By Andrew Rasch
Published: Tuesday, September 19, 2023
They say time is money, but have you ever earned $468 for five seconds of your day? Unless you’re Bill Gates or Richard Branson, probably not. On the other hand, five seconds could cost you that much behind the wheel if you fail to do one simple thing. Read on to find out how.
Car indicators: They’re not for decoration
Indicators exist so drivers can give sufficient warning of a change of direction. In years gone by, we had to stick our arm out the window to let other road users know our intentions. It’s a lot easier these days, so there’s no excuse not to indicate.
Even so, think back to when you last drove on a multi-lane road. How many times did you see another driver change lanes or turn without indicating? Two, four, ten times? Unfortunately, failing to indicate adequately is common on our roads, yet it’s dangerous and illegal.
What are the rules for leaving the kerb?
When you were learning to drive, the instructor probably made you practise this manoeuvre several times, so it should have become second nature. However many drivers seem to have forgotten, or they simply ignore the rule around indicating, so here’s a reminder.
If you’re about to move from a stationary position at the side of the road or in a median strip parking area, you’re legally required to indicate for at least five seconds and give way to all traffic, including cyclists and pedestrians, before pulling away.
If you’re caught failing to give a five-second signal before moving from a stationary position, you could be fined $369, plus a $99 Victims of Crime Levy and two demerit points.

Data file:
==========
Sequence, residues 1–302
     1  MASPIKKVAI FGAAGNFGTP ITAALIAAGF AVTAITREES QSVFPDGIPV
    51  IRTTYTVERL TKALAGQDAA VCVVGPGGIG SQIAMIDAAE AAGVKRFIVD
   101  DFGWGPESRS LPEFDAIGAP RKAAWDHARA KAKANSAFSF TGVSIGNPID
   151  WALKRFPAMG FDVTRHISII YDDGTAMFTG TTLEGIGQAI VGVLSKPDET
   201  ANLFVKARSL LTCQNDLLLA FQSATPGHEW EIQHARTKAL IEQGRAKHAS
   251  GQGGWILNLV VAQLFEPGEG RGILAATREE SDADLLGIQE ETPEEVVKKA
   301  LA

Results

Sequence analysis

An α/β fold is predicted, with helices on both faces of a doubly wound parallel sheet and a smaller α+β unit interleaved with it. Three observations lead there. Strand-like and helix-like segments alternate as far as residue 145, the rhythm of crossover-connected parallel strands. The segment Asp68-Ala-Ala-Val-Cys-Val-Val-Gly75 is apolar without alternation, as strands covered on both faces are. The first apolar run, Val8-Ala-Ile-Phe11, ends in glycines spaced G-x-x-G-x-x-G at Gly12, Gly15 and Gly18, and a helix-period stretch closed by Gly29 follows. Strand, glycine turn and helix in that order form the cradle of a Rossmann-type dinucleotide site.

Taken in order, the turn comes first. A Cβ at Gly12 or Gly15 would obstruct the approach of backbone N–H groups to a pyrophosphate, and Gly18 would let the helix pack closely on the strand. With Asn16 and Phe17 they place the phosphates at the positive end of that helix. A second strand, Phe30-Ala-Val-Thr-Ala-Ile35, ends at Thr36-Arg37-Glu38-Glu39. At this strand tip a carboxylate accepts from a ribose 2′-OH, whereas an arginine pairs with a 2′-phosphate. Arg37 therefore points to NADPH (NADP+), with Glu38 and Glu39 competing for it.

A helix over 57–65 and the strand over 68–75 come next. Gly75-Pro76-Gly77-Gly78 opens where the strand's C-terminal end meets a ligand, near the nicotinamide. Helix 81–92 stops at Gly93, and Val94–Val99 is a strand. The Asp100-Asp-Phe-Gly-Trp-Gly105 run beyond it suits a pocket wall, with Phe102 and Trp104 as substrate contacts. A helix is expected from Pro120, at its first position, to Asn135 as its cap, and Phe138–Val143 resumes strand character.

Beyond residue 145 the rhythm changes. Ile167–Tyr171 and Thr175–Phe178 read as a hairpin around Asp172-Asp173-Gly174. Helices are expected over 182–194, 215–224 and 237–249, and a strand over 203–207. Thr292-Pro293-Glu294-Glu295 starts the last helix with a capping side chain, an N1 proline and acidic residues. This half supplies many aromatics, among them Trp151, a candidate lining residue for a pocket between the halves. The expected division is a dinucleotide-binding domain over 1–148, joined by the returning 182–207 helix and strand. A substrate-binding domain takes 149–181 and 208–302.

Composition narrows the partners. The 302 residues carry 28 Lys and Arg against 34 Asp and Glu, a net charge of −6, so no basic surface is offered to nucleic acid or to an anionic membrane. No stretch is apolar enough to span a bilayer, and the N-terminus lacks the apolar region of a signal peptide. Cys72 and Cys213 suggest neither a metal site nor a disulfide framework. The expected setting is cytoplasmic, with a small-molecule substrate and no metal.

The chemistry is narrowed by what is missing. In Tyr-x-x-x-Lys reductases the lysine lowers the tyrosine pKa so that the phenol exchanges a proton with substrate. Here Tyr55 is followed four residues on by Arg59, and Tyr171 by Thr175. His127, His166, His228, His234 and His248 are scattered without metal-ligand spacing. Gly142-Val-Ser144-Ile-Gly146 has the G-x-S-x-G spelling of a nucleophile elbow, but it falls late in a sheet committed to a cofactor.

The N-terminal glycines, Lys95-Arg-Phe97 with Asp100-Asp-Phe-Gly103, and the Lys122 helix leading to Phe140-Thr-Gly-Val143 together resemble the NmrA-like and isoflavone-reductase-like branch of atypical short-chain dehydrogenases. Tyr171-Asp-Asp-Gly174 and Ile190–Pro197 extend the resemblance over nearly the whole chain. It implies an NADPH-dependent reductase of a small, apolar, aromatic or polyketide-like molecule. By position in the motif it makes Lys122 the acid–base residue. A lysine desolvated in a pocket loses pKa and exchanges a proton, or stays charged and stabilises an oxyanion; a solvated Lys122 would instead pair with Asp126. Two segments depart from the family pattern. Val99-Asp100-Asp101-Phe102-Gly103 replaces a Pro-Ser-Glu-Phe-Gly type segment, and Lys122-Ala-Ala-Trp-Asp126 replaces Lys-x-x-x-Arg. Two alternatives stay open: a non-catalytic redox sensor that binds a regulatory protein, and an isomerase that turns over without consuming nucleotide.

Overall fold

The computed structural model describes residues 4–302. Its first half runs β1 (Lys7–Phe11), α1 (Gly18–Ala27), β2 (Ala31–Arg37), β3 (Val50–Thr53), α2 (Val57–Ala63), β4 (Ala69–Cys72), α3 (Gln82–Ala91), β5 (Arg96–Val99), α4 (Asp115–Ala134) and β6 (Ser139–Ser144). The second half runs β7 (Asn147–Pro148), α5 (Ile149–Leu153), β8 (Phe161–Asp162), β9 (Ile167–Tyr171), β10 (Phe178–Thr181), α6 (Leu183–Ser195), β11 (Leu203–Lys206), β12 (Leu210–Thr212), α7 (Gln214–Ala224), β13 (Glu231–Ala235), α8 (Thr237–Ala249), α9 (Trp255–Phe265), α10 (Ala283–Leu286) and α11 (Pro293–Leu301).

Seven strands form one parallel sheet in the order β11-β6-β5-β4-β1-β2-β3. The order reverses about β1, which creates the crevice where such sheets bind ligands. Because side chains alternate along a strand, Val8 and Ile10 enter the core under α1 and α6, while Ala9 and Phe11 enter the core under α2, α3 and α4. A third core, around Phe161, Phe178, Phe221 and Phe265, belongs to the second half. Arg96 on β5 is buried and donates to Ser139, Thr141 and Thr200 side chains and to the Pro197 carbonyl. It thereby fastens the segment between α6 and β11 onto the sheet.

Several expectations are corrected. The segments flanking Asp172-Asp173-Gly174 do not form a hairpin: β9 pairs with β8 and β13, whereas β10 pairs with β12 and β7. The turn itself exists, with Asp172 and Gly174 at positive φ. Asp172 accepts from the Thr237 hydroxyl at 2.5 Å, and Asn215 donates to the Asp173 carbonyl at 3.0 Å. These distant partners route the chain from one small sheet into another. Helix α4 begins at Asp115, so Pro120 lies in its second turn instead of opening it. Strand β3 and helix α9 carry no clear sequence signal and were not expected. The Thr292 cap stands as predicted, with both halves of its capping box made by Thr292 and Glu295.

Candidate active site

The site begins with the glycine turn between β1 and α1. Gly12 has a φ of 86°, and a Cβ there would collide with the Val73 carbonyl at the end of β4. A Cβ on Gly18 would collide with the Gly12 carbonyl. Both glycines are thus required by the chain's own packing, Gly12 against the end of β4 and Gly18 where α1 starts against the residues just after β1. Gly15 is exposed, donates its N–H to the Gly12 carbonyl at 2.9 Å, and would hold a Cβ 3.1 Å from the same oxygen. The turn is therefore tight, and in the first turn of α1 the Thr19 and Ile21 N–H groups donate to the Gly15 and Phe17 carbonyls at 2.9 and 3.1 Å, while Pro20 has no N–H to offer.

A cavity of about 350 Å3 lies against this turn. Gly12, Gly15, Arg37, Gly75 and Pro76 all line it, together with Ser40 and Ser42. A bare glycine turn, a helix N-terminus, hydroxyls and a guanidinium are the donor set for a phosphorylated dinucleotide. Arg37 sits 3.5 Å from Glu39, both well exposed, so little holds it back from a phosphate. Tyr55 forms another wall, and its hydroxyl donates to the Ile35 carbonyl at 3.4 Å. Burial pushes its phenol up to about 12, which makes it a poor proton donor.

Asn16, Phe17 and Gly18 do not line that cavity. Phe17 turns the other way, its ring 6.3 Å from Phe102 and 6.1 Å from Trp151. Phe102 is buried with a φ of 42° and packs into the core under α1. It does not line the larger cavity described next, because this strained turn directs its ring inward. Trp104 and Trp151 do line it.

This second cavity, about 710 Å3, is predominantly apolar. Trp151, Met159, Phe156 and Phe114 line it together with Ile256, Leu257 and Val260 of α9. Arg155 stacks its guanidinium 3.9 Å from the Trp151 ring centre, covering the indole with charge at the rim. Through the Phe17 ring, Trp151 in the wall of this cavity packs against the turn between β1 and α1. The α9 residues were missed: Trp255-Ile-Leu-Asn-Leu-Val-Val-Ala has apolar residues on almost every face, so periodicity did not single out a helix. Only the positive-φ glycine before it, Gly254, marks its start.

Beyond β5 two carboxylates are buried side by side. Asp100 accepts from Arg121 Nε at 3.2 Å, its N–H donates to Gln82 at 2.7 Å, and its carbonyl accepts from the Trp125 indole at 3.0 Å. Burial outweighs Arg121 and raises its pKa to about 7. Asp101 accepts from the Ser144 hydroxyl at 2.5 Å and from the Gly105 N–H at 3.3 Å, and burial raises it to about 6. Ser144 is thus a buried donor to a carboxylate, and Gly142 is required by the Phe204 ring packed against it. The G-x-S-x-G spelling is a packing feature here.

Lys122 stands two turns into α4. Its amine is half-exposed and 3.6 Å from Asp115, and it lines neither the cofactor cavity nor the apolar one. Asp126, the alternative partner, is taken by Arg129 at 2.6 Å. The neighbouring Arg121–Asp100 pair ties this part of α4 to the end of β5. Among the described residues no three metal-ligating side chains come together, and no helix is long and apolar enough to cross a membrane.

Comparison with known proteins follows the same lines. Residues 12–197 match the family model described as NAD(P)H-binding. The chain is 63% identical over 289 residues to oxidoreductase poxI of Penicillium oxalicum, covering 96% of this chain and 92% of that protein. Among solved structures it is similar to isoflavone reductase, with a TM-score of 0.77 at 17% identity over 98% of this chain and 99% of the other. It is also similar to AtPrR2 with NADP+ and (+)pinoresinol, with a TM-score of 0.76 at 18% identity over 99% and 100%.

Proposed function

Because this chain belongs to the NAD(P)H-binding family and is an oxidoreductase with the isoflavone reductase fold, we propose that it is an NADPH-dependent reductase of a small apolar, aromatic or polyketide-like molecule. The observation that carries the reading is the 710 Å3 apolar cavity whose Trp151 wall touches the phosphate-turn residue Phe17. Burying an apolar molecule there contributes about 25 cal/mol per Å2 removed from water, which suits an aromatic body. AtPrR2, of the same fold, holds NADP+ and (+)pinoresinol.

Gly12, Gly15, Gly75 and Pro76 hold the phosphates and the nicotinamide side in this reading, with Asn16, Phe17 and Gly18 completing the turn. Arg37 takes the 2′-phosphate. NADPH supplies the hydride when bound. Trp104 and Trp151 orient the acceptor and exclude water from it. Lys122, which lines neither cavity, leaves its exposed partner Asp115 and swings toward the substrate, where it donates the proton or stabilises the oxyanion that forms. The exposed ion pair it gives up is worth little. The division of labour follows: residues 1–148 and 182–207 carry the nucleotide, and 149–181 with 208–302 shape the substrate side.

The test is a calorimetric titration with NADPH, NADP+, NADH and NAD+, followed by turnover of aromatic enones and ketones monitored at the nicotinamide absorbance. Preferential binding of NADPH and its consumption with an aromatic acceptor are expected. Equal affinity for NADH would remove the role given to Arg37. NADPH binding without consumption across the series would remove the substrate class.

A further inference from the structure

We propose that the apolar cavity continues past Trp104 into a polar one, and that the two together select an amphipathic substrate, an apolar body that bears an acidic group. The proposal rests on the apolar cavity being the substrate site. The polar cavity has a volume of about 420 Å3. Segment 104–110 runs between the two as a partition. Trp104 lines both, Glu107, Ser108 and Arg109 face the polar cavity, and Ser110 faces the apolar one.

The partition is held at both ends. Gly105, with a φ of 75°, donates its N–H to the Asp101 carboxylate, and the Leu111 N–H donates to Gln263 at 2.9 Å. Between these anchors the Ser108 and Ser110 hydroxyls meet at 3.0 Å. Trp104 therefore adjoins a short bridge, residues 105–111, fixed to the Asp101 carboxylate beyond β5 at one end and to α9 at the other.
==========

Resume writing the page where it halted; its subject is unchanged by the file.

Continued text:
What about changing lanes?
If you need to change lanes while moving, Rule 46 of the Australian Road Rules says you must give sufficient warning to other road users of your intentions. Remember, when you give a signal, it doesn’t mean other road users must give way to you, or that you can automatically change direction without taking care and giving way.
Don’t forget that a driver must stop giving the change of direction signal as soon as they complete the manoeuvre. In other words, turn your indicator off as soon as you’ve changed lanes. Be particularly careful if you’re listening to music that may drown out the sound of your indicator.
The cost of failing to give a five-second signal before leaving the kerb.
When are indicators required?
You must signal your intention using your indicators to:
- Move to the left or right
- Turn left or right, including leaving the continuing road at a modified T-intersection when you intend to travel straight ahead
- Change lanes or merge
- Move left or right into or out of a stationary position (g. to or from a kerb or side of the road)
- Make a U-turn or three-point turn
- Leave a roundabout (if practicable)
- Turn left or right when driving in a car park, including when moving into a car park space.